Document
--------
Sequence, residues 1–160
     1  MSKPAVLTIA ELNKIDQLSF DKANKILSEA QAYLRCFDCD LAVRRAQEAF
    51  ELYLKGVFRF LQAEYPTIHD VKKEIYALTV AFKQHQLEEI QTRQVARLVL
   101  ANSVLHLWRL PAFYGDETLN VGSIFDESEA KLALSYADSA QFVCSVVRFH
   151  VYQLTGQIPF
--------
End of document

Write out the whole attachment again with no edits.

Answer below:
Sequence, residues 1–160
     1  MSKPAVLTIA ELNKIDQLSF DKANKILSEA QAYLRCFDCD LAVRRAQEAF
    51  ELYLKGVFRF LQAEYPTIHD VKKEIYALTV AFKQHQLEEI QTRQVARLVL
   101  ANSVLHLWRL PAFYGDETLN VGSIFDESEA KLALSYADSA QFVCSVVRFH
   151  VYQLTGQIPF